October 19, 2021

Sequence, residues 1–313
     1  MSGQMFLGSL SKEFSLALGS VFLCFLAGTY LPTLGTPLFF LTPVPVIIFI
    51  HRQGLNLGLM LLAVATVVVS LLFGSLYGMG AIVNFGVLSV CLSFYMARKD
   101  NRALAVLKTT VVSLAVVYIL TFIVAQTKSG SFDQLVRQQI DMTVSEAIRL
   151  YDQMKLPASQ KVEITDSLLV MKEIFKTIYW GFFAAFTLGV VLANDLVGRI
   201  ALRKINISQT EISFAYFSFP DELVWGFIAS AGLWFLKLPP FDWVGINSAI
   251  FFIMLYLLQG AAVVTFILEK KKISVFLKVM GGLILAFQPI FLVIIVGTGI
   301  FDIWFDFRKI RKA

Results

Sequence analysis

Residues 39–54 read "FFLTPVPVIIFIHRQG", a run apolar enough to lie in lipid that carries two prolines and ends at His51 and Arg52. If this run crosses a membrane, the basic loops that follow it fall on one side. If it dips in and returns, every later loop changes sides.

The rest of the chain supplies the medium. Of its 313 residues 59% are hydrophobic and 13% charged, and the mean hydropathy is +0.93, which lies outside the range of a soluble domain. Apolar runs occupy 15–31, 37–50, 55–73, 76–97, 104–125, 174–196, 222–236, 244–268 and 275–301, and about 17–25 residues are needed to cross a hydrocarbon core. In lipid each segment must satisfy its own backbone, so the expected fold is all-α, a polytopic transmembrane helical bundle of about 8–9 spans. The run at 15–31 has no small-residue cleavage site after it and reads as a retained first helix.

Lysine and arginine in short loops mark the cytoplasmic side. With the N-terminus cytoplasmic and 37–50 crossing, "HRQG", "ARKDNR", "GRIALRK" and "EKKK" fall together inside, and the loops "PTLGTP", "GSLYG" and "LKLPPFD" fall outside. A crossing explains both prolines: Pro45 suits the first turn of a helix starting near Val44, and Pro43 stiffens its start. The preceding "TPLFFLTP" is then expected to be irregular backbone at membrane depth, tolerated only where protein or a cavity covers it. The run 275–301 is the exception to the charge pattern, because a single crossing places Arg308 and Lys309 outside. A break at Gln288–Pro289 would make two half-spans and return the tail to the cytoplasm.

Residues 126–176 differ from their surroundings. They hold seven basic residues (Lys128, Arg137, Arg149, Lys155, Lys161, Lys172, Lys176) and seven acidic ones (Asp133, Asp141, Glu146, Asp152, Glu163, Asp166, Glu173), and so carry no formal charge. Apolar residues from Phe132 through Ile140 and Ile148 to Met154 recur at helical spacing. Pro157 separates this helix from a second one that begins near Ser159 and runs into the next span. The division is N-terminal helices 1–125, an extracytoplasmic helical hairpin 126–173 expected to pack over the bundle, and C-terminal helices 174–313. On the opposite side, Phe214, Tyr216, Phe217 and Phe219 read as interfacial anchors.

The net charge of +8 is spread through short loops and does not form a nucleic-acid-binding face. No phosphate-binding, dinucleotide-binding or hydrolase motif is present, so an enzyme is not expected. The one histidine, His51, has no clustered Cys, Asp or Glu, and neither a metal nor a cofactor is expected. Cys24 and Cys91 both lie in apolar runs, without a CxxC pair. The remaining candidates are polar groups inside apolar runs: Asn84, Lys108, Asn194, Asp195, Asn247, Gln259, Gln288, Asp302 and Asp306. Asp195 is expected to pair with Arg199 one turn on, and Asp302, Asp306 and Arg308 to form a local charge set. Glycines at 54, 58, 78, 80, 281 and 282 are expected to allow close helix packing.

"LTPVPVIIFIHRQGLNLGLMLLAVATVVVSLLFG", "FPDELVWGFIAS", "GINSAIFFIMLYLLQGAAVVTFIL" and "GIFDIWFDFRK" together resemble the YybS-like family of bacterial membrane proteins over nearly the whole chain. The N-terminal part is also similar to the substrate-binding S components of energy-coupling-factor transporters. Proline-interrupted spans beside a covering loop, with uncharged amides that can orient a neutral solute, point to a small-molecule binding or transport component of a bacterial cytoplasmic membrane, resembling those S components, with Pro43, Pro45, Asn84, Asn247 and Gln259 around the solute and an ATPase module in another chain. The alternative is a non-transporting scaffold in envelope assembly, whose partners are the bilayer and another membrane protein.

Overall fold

Sumatra (Indonesian: Sumatera) is an Indonesian island, one of the Greater Sunda Islands. With an area of 473,481 km², Sumatra is the sixth largest island in the world. It has 40 million inhabitants who speak 52 different languages. Most of them are of Malay origin. About 80% of the population are Muslims and 18% are Christians. The island stretches 1,700 kilometers in a northwest-southeast direction and is up to 370 kilometers wide. The equator passes through the middle of the island. Mount Kerinchi is the highest peak in Sumatra (3,805 meters). Sumatra is known for its intense volcanic activity, which is why the land is very fertile, and the landscapes are spectacular. The eastern half of the island is flat. About 40 kilometers from the south coast of Sumatra, on the other side of the Sunda Sea, is the island of Java. Borneo is 600 kilometers away, while the Malay Peninsula in the northeast is separated by the Malacca Sea. About 200-1,000 kilometers northwest of Sumatra lie groups of the islands of Andamani and Nikobari. A 16-meter tsunami caused by a magnitude 9 earthquake on the Richter scale hit the west coast of Sumatra on December 26, 2004, especially the province of Aceh. 170,000 Indonesians were killed then. Sumatra has significant oil resources. Coal, gold, bauxite and zinc are exploited. Among the agricultural products, rubber, pepper, coffee, palm oil and tobacco are important. Sumatra has a wide range of plant and animal species, but has lost almost 50% of its tropical rainforest in the last 35 years. Many species are now critically endangered, such as the Sumatran coward, Sumatran tiger, Sumatran elephant, Sumatran rhino and Sumatran orangutan. Deforestation on the island has also resulted in a serious seasonal haze of smoke over surrounding countries, such as the 2013 Southeast Asian Mist, which has caused significant tensions between Indonesia and the affected countries of Malaysia and Singapore.